To ensure a safe and caring environment for children and youth
Catholic Charities of Tennessee, Inc.
Refugee Youth Program
The Refugee Youth Program provides supportive services to youth and their families to facilitate the acculturation process. Special emphasis is placed on helping children and youth succeed in school and on helping families navigate and understand the Metropolitan Nashville Public School system.
The Refugee Youth Program is holistic in nature. Primary service components include the following:
A variety of materials and curricula are used in the program, including but not limited to The Afterschool Training Toolkit from SEDL, Cultural Orientation for Refugees from the Cultural Orientation Resource Center, and Academic Content Afterschool Style from Foundation.
All refugee groups are served including Burundians, Ethiopians, Eritreans, Somalis, Sudanese, Iraqis, Cubans, Burmese, and Bhutanese.
Diversified funding sources are an important part of the program’s success. The program is partially funded by a Refugee School Impact Grant from the Office of Refugee Resettlement. In addition, the program is funded by the Tennessee Department of Education’s Lottery for Education: Afterschool Programs, the federal Department of Education (21st Century Community Learning Center funding), and a variety of smaller foundations.
Full-time program staff includes a Program Coordinator, Youth Education Specialist, Family Education Specialist, School Liaison Caseworker, School Readiness Caseworker and Program Assistant (Jesuit Volunteer). Part-time Program Assistants and Interns work in the afterschool and summer programs. All staff must undergo Safe Environments Training, First Aid & CPR certification and two 16-Hour In-Service programs per year. In-Service topics include intercultural communication, family involvement, project-based learning, Positive Youth Development, Working with Volunteers and Childcare Regulations.
The performance of the Refugee Youth Program is measured in the following ways:
Data from schools is collected at the end of each semester. All other data is collected quarterly or at the time of a workshop. Case conferences are held in January and in May. The Program Coordinator, School Liaison Caseworker, School Readiness Caseworker, Youth Education Specialist and Family Education Specialist meet together and review all feedback on each participant. During this time we look at overall family functioning and revise each family’s service plan as needed. We pay special attention to the academic progress of each child and incorporate our analysis of his or her progress into our planning for the after-school and summer programs.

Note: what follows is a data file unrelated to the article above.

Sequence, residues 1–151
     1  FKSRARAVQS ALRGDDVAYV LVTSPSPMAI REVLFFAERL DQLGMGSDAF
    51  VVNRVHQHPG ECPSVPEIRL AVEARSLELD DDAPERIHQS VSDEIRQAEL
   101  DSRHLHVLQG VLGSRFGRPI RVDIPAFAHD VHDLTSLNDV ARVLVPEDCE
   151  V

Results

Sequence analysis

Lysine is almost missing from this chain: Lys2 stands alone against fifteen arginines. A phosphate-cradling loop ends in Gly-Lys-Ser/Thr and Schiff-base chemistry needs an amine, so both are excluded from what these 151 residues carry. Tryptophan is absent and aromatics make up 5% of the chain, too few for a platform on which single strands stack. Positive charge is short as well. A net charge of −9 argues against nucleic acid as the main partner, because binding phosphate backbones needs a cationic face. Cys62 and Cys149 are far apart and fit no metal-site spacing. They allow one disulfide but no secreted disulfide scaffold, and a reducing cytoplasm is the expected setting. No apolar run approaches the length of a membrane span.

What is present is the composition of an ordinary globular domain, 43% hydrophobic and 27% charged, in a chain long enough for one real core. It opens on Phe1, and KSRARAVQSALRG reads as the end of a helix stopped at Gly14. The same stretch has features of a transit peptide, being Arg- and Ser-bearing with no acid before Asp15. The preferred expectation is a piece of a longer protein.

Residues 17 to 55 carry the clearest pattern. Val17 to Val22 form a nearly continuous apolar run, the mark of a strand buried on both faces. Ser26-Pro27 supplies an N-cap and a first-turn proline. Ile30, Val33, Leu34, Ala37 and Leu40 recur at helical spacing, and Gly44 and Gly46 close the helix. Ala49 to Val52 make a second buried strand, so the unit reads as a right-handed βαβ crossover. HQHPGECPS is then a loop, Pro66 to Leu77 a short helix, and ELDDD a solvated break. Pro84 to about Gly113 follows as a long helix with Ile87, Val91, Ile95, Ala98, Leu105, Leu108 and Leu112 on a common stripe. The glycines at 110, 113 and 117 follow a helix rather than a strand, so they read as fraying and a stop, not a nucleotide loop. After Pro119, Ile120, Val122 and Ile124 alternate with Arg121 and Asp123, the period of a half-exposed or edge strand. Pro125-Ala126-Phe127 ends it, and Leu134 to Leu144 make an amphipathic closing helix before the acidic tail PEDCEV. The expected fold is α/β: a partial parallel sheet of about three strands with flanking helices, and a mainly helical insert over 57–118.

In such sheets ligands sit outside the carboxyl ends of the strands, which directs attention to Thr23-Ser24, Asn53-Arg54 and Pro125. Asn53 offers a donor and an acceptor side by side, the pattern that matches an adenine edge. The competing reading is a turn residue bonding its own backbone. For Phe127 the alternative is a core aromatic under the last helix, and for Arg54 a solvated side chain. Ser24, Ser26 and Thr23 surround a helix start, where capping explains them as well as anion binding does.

Over time, we have seen that 100% of participants who remain in the program for at least six months have increased their grades in at least one core academic subject. We have seen the most substantial jump in math grades, with several students increasing their grades over 20 points. At least 85% of participants have experienced improvements in relationships with family and peers. 95% of participants have avoided delinquent behavior at school and within the community. 100% of parents who attend family enrichment workshops have demonstrated a greater understanding of American culture, laws, and schools. Over 30% of parents have shown an increase in involvement in their children’s schools by attending at least one school meeting or function. Teachers have also noted an increase in confidence in program participants, and 97% of teachers have reported a greater understanding of participants’ cultures and families. 93% of teachers feel better equipped to serve refugee children as a result of the services provided by The Refugee Youth Program.
The key to our program’s success is our ability to integrate services. The Refugee Youth Program complements the Resettlement, Social Services, and Individual Development Account programs. The services provided to parents are provided in tandem to services to the children. While parents are receiving cultural orientation and financial literacy training, the children are receiving the same information in age-appropriate ways through our after-school and summer programs. Both the parents and the children are given “assignments” that encourage them to further discuss these topics in the home.
The program is currently developing strategies to make the after-school and summer programming trauma-informed. The goal is to address the impact of the refugee experience and the resettlement experience has on a child's sense of security and coping skills.
Youth & Elders Services Coordinator
Catholic Charities, Refugee Services
This program began in 2004 and is still operating as of September 2011.